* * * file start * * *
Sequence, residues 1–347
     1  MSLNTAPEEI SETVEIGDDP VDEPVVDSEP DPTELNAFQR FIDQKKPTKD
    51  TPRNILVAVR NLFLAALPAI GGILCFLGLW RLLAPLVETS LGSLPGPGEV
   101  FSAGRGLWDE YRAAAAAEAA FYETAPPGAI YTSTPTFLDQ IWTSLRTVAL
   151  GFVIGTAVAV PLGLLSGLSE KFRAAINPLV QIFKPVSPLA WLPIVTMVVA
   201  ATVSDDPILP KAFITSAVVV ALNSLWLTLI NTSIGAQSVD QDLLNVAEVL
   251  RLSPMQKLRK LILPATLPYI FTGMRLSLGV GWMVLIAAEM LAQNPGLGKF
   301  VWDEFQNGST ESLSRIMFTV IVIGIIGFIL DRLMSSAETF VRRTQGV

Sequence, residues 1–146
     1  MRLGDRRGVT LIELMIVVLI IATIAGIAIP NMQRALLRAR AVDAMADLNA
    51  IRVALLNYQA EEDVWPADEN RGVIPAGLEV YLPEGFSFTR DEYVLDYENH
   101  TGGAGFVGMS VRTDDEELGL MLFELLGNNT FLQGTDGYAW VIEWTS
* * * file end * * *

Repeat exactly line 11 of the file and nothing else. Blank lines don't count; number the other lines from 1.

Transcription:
    51  IRVALLNYQA EEDVWPADEN RGVIPAGLEV YLPEGFSFTR DEYVLDYENH